Carrie sat in my office, sobbing.
“All I do these days is cry,” she said. “Or I’m flying off the handle with uncontrollable rage, or I’m exceptionally happy for a little while but there’s a huge crash that soon follows,” she added.
The emotional roller coaster is real and so frustrating for women who don’t know what’s going on in their bodies. They feel like they’ve lost control completely, and they’re desperate for answers.
Most of them know that hormones are connected to emotions, but they don’t realize just how many hormones impact the way we feel, or how severe the emotional ups and downs can be when hormones aren’t properly balanced.
Many times, I hear women tell me they don’t think there’s anything they can do about the highs and lows – especially those that come with PMS or when they’re in perimenopause.
I’m thrilled to be able to tell them that they have more control over their up and down emotions than they might think – they just have to understand the connection to hormonal imbalance. And they need to commit to changing whatever is in their power to change to level these hormones out.
That’s where I can help.
Let’s take a look at the hormones that impact our emotions, and how. Then I’ll give you some tips for maintaining the right balance to help keep your mood on a more even keel.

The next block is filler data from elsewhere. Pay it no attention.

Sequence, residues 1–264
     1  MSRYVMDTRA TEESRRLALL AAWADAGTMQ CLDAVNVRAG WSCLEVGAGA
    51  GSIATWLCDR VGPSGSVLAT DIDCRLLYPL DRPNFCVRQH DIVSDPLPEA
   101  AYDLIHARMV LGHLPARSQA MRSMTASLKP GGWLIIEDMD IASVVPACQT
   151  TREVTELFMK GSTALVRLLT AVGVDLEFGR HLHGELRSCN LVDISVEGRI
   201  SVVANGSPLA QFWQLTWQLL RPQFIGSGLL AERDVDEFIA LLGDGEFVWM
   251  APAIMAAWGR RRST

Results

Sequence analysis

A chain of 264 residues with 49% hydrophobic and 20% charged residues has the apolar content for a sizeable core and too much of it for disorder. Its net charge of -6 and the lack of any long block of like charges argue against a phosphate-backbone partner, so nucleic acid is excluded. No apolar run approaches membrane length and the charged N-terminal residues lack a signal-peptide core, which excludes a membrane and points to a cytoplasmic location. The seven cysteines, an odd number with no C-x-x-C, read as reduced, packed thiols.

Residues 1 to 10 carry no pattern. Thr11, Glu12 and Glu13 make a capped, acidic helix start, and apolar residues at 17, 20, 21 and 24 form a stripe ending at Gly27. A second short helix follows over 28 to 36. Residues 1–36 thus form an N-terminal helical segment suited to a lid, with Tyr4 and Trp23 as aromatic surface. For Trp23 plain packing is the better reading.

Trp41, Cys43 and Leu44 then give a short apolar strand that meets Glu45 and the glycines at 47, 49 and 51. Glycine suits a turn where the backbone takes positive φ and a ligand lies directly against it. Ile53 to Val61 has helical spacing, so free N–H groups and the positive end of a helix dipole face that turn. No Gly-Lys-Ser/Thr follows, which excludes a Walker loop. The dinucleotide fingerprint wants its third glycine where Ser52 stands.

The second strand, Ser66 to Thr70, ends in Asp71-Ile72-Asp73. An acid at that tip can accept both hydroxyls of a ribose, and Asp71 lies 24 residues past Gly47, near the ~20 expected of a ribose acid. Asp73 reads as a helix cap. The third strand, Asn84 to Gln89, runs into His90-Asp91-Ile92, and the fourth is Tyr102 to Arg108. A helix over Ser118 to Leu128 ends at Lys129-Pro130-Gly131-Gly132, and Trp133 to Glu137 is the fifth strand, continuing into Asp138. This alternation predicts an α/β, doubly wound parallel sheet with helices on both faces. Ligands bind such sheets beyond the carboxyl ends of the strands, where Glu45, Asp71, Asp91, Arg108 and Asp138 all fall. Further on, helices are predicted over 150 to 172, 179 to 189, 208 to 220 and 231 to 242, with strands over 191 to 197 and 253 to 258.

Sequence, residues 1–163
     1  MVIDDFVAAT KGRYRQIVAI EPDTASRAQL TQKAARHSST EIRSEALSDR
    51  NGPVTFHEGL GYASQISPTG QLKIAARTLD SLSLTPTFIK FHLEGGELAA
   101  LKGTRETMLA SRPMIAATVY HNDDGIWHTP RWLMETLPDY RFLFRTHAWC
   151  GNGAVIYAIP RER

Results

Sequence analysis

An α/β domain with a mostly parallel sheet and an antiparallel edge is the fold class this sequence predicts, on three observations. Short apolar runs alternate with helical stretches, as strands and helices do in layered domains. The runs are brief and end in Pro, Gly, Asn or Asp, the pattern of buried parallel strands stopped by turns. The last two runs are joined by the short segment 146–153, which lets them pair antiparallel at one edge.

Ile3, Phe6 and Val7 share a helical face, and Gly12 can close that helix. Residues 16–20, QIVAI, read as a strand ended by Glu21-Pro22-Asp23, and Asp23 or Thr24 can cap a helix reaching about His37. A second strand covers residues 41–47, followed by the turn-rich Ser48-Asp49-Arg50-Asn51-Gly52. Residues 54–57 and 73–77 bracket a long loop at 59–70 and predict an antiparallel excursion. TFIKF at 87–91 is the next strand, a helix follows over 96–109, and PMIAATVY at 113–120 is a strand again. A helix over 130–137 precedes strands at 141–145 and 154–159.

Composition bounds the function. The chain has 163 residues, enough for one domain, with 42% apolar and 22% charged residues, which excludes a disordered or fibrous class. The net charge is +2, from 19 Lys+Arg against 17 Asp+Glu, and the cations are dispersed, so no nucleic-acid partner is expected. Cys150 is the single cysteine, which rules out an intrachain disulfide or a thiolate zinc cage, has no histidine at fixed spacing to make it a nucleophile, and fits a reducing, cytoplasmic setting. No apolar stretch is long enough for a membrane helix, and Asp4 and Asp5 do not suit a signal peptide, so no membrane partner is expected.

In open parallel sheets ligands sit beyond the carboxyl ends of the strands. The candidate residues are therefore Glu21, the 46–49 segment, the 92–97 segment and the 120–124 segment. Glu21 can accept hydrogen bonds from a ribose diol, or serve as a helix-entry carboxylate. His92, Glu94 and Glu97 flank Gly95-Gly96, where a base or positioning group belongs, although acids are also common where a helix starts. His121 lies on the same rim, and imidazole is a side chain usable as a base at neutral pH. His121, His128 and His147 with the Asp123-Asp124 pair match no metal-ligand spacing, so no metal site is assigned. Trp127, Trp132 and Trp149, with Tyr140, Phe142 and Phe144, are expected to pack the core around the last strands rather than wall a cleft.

Neurotransmitters and Mood
Two especially important neurotransmitters carry messages throughout your body, impacting sensory perception, movement, and how calm and focused your brain can be, among other things.
Dopamine and Serotonin are often called the “feel good” hormones, since they have quite a positive impact on emotions. They can promote feelings of connection, pleasure and intimacy while also keeping depression and loneliness at bay.
Dopamine influences both motivation and feelings of accomplishment that increase with rewards. Completing an important task, for instance, can lead to a rush of positive emotion which then inspires you to repeat that behavior to feel the same rush. When levels of dopamine are low, motivation dips as well.
Serotonin has many important functions, including regulating mood.
About 90% of serotonin is found in the intestines, while the remainder is in your central nervous system. Low serotonin levels have been linked to anxiety disorders, memory problems, depression, insomnia and other mood changes.
While both serotonin and dopamine have an affect on behavior and emotions, their mechanisms are unique, so the impact isn’t the same. They also have an impact on each other, so it’s important to understand the way each works.
Related article: “Dopamine and Serotonin – the Happy Hormones.”